Origin: English Period: Late Victorian/Edwardian Provenance: Unknown Date: c.1895-1905 Height: 82.25 inches Width: 50 inches Depth: 16.5 inches (all at maximum)
The two-piece mahogany veneered Gillows of Lancaster display cabinet or collectors vitrine having a solid mahogany carcass with carved cornice, brass escutcheons, and serpentine glazed sides and straight front, the interior with three adjustable shelves, the base with a single drawer with brass swing handles and greek key detailing above on a shaped apron and carved acanthus leaf feet, the whole stamped GILLOWS to the drawer and to both brass locks.
The cabinet has had some restoration in recent times with some veneers re-attached and has benefited from a clean and polish. The locks work with the original key and the glass to the whole is all original. One of the three shaped 8mm thick shelves is a later replacement and there are not enough brass fixings to support the third shelf so these need to be sourced if one is wanting to include a third shelf but it is included in the sale. Elsewhere the elephant grey velvet lining is contemporary. The quality of cabinetwork shown here is exemplary and one can demonstrate this when closing the lower drawer; it is air tight, precision personified.
Gillows might not be as prestigious a name in English furniture as Chippendale, Hepplewhite or Sheraton, but the firm, based in Lancaster, outlasted all of them. The history of Gillows, from the early eighteenth century to the early twentieth, encapsulates the history of English furniture and its manufacture. Robert Gillow began making furniture around 1730, some 20 years before Thomas Chippendale, and developed first a national and then an international reputation as a supplier of quality furniture to the upper middle classes, the landed gentry, and the aristocracy. The company won commissions to furnish and decorate public buildings in Australia, South Africa, India, Russia, Germany, France and the U.S., and it also executed Pugin’s designs for London’s Palace of Westminster from 1840.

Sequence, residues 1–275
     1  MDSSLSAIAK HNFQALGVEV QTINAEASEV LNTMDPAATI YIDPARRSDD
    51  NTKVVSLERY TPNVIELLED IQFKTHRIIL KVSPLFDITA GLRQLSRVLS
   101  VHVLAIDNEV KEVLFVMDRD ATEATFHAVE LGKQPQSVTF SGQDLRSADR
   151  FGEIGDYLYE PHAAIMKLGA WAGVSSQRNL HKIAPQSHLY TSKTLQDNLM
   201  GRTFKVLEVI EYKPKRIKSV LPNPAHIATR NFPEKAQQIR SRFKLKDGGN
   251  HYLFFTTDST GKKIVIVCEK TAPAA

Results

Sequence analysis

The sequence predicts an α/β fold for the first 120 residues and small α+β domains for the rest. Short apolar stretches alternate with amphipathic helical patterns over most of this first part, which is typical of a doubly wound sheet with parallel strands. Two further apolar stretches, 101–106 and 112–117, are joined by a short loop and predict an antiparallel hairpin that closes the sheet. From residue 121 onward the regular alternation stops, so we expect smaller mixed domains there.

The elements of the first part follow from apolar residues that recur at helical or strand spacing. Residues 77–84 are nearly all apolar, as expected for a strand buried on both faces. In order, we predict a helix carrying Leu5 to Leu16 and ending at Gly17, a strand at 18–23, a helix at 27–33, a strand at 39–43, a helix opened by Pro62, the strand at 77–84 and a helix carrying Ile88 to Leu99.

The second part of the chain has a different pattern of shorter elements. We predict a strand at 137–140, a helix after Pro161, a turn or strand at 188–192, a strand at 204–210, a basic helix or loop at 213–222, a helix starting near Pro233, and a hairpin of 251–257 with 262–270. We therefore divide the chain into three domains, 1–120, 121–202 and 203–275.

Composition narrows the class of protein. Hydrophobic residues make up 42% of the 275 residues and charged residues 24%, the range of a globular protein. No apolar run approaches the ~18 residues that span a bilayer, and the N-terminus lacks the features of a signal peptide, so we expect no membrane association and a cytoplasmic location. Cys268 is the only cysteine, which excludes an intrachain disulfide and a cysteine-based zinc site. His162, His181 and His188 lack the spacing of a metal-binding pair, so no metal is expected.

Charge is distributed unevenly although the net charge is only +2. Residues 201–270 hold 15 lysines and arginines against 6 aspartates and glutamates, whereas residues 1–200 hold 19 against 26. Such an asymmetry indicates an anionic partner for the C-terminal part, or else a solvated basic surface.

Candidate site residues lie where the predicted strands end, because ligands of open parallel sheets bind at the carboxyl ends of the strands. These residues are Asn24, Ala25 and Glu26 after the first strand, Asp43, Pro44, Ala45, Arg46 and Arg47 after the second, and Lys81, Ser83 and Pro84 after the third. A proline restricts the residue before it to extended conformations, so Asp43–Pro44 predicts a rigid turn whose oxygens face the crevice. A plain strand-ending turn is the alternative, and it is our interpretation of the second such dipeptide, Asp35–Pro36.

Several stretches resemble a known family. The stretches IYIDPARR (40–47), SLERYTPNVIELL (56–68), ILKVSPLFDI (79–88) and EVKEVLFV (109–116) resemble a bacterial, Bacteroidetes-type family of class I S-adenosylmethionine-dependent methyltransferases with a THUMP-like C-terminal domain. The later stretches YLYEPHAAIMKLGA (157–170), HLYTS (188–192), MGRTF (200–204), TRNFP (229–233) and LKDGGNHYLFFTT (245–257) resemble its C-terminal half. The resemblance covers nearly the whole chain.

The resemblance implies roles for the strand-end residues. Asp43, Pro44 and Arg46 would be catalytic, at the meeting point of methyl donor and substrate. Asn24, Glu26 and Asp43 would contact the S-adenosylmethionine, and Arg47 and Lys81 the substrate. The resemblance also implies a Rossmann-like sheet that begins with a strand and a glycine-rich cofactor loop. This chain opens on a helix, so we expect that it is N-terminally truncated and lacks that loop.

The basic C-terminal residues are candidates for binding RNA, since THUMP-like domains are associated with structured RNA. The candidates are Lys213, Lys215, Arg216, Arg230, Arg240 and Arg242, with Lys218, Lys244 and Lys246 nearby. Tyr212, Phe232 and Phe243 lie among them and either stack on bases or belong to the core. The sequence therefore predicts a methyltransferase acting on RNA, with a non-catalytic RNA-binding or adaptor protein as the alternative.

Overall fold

Gillows of Lancaster boasted the widest stock outside London. By 1900, around the time this cabinet was made, it was supplying complete interior decorating schemes – metalwork, stained glass, wallpapers and the whole range of upholstery and soft furnishings as well as furniture. Severe strain on company finances ensued and led to a loose association with Waring of Liverpool from 1897. In 1903, Waring took over Gillows, and Waring & Gillow was established. That was the end of Gillows as a benchmark for quality and this cabinet was thus one of the last quality pieces from the Gillows stable. This cabinet was most likely a private commission, made for a serious curio or specimen collector, or perhaps for a grand hotel lobby.
There is no better cabinet of its type; seriously good.